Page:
Prevent home fires with wood stove safety and outdoor Firewise measures

by Kate Evans

The autumn winds and falling leaves and branches can create a higher risk of wildfires, especially in homes burning a wood stove to stay warm.  Area residents are urged to follow these tips to heat their homes safely with wood stove heat and prevent house fires from wildfires.

Good wood stove habits

Check your chimney flue for creosote periodically and clean your flue if it’s dirty.  Clean the flue before you start using it for the season, said South Morgan Volunteer Fire Chief Mark Miller.

Burn the wood stove with the damper out for 15 minutes daily to burn creosote from the flue.

Don’t burn green or wet wood or use too much paper to start the wood stove.

Use a metal bucket with a tight lid for the safe disposal of wood ashes-not a plastic bucket.

Keep wood ashes in the metal bucket for around two weeks before disposing of them in the woods, Miller said.  Be sure to cover the bucket with a lid or the wind will cause the embers to catch fire, fall out of the bucket and catch everything on fire.

Putting wood ashes directly on snow or ice is safer, but be very cautious that the embers are cold.

Keep an ABC fire extinguisher in close access to the wood stove.

Have a carbon monoxide detector in your home if you’re burning wood, oil or coal.

Keep items at least three feet away from the wood stove.

Don’t burn Christmas or gift wrapping paper in a wood stove or fireplace. It’s extremely flammable and can cause a chimney fire or house fire.  It can also release toxic fumes into your home from chemical compounds it contains.

Have your chimney checked and cleaned every year.  Chimneys can be blocked by debris and cause carbon monoxide build-up in your home.

General fire safety

Eliminate clutter from your home.

Don’t pile up trash on your porch.

Never smoke in bed or leave burning cigarettes unattended.

Keep all matches and lighters out of the reach of children.

Never put portable space heaters near flammable materials like drapery.

Burning candles

Paw Paw Volunteer Fire Company Assistant Chief Jason Whisner said that people shouldn’t leave candles burning unattended or leave home with a candle still burning inside.

Whisner also said don’t leave a burning candle by an open window.  One gust of wind can knock the burning candle into a trash can full of papers and blow the curtains into the flames.  A house fire from a burning candle can happen quickly, he noted.

Keep candles 12 inches away from anything that can burn.

Don’t leave candles burning where they could be knocked over by a child or pet.

Consider using battery-operated lanterns or battery-operated flameless candles instead.

Smoke detectors & extinguishers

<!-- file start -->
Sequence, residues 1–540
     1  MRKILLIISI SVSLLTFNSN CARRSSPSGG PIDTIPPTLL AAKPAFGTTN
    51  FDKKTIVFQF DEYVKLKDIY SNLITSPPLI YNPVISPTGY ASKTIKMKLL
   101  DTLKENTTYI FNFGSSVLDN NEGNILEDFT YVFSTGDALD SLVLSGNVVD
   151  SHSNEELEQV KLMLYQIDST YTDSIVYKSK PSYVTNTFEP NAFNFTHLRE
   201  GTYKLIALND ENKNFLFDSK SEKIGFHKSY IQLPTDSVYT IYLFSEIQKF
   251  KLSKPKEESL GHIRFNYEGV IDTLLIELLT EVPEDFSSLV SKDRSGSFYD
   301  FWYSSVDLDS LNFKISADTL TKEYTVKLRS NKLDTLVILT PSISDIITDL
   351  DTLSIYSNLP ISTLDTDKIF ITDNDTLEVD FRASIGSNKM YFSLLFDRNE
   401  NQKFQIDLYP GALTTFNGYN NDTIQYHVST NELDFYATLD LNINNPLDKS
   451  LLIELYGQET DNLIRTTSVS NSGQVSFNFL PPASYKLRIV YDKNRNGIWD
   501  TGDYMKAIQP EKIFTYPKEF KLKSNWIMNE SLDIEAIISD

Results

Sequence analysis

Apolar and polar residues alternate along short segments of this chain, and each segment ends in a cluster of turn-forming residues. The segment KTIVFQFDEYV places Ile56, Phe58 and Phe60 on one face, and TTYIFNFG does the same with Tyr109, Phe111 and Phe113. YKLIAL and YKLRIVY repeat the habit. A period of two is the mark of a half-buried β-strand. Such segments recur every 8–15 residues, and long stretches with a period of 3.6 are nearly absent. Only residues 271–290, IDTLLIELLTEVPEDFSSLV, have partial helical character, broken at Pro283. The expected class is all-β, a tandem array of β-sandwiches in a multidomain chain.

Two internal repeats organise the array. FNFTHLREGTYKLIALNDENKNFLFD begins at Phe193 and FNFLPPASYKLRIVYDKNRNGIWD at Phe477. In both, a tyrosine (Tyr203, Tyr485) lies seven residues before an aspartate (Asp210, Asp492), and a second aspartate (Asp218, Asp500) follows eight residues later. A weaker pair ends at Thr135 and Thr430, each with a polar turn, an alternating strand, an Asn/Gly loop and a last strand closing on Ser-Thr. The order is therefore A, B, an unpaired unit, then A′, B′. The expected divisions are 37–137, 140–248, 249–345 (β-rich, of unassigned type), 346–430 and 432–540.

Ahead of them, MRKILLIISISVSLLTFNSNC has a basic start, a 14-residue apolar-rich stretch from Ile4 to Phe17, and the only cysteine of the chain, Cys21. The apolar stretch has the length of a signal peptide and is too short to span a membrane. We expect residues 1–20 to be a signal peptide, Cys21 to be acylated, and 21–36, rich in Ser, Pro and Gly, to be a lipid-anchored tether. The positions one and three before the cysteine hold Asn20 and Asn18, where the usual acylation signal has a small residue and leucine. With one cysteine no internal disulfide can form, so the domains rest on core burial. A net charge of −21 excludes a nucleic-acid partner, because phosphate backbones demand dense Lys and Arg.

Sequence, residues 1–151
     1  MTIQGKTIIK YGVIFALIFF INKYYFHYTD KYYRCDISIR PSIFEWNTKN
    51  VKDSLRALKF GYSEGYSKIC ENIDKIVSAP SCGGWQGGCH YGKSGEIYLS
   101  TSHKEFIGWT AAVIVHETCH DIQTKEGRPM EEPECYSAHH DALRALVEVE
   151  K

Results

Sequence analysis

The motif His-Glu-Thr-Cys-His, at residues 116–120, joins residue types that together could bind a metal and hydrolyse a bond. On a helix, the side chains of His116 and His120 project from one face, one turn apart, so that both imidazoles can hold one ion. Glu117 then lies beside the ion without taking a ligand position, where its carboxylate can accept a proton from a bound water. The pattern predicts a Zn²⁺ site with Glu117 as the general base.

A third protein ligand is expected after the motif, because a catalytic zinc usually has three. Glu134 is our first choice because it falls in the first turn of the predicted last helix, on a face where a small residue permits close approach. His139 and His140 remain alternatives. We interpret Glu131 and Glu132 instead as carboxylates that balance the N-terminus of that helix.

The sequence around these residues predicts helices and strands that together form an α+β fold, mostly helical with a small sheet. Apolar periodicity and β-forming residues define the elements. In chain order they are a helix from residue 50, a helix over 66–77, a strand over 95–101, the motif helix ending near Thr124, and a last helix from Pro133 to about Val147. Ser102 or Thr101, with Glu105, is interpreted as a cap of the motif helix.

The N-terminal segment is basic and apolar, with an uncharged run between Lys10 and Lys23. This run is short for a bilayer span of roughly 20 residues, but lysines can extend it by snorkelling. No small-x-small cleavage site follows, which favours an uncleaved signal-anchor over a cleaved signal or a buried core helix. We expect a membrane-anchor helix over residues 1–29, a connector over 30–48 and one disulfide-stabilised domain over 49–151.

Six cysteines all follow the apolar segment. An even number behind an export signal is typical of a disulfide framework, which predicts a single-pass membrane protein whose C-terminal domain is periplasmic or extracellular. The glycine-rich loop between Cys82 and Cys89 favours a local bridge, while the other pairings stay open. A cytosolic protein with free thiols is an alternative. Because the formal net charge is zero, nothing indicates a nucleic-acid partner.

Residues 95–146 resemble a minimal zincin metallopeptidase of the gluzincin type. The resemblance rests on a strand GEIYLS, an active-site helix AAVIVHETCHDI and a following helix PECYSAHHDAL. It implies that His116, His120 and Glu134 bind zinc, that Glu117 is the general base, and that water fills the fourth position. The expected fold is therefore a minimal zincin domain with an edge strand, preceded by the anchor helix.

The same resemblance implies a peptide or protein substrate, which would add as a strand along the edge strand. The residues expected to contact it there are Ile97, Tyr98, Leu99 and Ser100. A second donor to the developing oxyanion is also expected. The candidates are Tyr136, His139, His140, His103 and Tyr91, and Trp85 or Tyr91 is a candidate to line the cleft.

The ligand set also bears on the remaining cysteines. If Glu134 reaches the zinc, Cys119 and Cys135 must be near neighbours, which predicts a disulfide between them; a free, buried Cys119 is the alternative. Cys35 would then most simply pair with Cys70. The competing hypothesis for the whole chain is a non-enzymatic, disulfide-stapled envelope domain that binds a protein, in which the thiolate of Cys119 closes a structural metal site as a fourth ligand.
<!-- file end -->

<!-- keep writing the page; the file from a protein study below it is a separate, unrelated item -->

Change your fire alarm batteries twice a year at time change. Check them once a month.

Have working smoke detectors on every floor, in sleeping areas and in hallways and entrance ways.  Smoke detectors save lives.

Have a carbon monoxide detector on every floor of your home.

Keep fire extinguishers handy in your home and know how to use them.

Be Firewise outdoors

Homeowners should keep an area at least 30 feet wide around every side of their home mowed and free of anything burnable including dry leaves, wood piles,   trash, debris, brush and other landscaping that can burn.

Trim branches that overhang the home, porch and deck.  Prune branches of large trees up to six to 10 feet to reduce possible fire spread.

Keep your roof, gutters and yard free of dead leaves, tree branches, twigs, pine needles and other burnable debris.

Remove dead leaves, lumber and other flammable debris from under and around decks.

Don’t store firewood or other items under decks or porches. Firewood piles should be at least 30 feet from any building.

Screen in the area under decks and porches to prevent debris and combustible material from accumulating there.

Avoid planting evergreens or ornamental grasses within 30 feet of the home. Less flammable trees and shrubs to plant around your home include flowering dogwood, Eastern redbud, azaleas and hydrangeas.

Open burning

Outdoor burning can only take place from 5 p.m. to 7 a.m. during forest fire season, which begins October 1 and runs through December 31.  It also runs March 1 through May 31.      Outdoor burn bans may be declared if dry conditions that increase the threat of wildfires persist.

Call Morgan County 911 Dispatch at 304-258-0305 to tell them the location of your outdoor burn before you begin burning.

Don’t burn on windy days.

Have adequate equipment, water and people there to fight the fire if it escapes.

Burn only vegetation, brush and yard debris.  Don’t burn paper, trash or any man-made materials.

A safety strip with a minimum width of 10 feet must surround the materials being burned and be cleared down to the soil, said Fire Chief Mark Miller.

Miller said before last week’s rains that he wouldn’t drop a match anywhere outside since it was so dry.  Once the foliage comes down, it’ll get worse since the trees are so dry, he noted.  Residents should exercise increased caution during dry spells.

Never leave your fire unattended.

Your controlled burn fire should be completely extinguished before leaving it.

Burn at a safe distance-at least 200 feet-from your home, sheds, buildings or woodlands.

Call 911 immediately if the fire escapes the burn area.